Davis Cup: Great Britain's run ended by Germany in quarter-finals after doubles defeat
British duo Joe Salisbury and Neal Skupski suffer painful doubles defeat to Kevin Krawietz and Tim Puetz as Germany book semi-final place; Leon's Smith team must win a qualifying tie in early March to book their place in next year's finals
Last Updated: 30/11/21 11:32pm
Great Britain's Davis Cup campaign came to an end in a tense quarter-final defeat to Germany in Innsbruck.
Leon Smith's side were looking for a repeat of their victory over the same opposition in the last eight two years ago and made the perfect start when Dan Evans thumped Peter Gojowczyk 6-2 6-1.
But British No 1 Cameron Norrie suffered his first defeat of the week, going down 7-6 (7-6) 3-6 6-2 to Jan-Lennard Struff, and Kevin Krawietz and Tim Puetz won a tense deciding doubles rubber 7-6 (12-10) 7-6 (7-5) against Joe Salisbury and Neal Skupski.
Norrie has had an outstanding season and the 26-year-old, who has climbed from 71 in the rankings to 12 in 2021, certainly deserves a holiday but it is only a month until the new season begins with a very similar competition in the ATP Cup, where he will again lead the British team
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Smith said: "Everyone is gutted, obviously. We've had some good days, but it's a tough day to swallow. Can't fault any of the guys' efforts or the team bench. Everyone gave their best effort.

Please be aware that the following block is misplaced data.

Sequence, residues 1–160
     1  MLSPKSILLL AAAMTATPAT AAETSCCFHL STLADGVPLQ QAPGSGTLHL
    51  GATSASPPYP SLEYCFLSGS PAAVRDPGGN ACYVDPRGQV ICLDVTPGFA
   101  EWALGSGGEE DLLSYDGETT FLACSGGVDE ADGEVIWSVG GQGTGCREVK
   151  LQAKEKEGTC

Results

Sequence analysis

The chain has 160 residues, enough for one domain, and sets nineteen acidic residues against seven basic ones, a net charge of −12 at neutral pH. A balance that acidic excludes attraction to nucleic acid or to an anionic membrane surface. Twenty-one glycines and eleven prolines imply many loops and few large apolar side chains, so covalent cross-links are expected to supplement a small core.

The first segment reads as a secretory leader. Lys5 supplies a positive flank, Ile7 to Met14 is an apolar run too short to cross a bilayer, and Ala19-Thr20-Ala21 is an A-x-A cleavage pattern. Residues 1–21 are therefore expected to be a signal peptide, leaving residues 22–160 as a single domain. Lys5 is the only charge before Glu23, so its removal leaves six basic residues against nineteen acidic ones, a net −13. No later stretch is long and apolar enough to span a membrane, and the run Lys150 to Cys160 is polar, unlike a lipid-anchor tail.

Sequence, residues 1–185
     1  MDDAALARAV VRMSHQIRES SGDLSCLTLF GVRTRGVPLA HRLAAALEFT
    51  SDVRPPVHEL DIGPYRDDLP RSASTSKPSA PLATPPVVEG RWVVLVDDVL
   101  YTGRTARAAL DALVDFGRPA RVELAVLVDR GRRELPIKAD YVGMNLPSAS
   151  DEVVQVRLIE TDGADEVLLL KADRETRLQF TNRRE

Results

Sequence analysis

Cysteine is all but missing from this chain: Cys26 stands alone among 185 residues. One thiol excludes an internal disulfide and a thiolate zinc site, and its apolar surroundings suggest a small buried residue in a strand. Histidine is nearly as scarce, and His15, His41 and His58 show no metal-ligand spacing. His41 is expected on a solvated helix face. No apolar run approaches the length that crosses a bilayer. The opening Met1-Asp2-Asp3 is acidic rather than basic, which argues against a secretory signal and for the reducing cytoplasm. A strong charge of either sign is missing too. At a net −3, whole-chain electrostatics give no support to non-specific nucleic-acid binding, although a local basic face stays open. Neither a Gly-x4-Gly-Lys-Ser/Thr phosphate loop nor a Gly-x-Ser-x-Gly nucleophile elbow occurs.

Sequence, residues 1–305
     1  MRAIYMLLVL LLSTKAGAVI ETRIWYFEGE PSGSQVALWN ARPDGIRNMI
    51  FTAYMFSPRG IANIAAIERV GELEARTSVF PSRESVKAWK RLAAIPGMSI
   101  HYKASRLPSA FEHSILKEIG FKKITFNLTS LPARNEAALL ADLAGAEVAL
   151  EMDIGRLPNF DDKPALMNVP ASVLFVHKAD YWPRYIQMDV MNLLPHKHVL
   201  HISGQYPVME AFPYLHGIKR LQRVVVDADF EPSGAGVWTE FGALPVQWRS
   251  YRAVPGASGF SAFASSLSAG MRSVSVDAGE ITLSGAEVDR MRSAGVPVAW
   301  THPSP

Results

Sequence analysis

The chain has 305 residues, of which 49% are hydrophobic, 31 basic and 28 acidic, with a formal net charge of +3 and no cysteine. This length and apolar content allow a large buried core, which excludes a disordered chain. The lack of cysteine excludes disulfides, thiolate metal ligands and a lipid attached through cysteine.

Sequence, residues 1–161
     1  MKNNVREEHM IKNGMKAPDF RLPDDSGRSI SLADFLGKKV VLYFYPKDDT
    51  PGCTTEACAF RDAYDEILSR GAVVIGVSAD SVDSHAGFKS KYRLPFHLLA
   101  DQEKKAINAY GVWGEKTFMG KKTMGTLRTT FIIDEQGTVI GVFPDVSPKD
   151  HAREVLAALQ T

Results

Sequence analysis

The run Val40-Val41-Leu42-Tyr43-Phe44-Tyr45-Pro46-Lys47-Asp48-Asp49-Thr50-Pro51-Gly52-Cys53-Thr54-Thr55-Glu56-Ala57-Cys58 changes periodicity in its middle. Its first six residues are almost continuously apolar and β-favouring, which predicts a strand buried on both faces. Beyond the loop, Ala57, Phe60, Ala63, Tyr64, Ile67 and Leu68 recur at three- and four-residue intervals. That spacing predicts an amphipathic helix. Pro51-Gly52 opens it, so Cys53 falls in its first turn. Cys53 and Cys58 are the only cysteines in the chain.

"The sets could have gone either way and it could have been a different outcome. But it wasn't to be today."
Salisbury and Skupski recovered from a shaky start against France on Saturday to claim the crucial victory over the Czech Republic in style and send Britain through to the last eight for the sixth time in seven editions.
Krawietz and Puetz were unbeaten having got the better of Novak Djokovic and Nikola Cacic in their group win over Serbia, and they were marginally the better team in the opening set, forcing Skupski to save a set point at 5-6.
Salisbury and Skupski held a 6-4 lead in the tie-break but could not take any of their four set points and, with each point ratcheting up the tension, it was Germany who struck.
The second set followed a similar pattern but Britain looked set to force a decider when they led 5-0 in the tie-break only for Germany to win seven points in a row, sparking huge celebrations.
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Salisbury is a four-time Grand Slam champion but this week has been his first experience of Davis Cup tennis.
He said: "They played well at the end of the second-set tie-break, but we didn't. We're 5-0 up, we should win the tie-break, simple as that.
"I have loved this week, loved playing for Great Britain. I think it's extra pressure, which often I feel helps me to perform well and I feel like I have played my best in some of the biggest matches that I have played. But this week that didn't happen."
Germany will travel to Madrid for the semi-finals on Saturday while Britain head home and must win a qualifying tie in early March to book their place in next year's finals.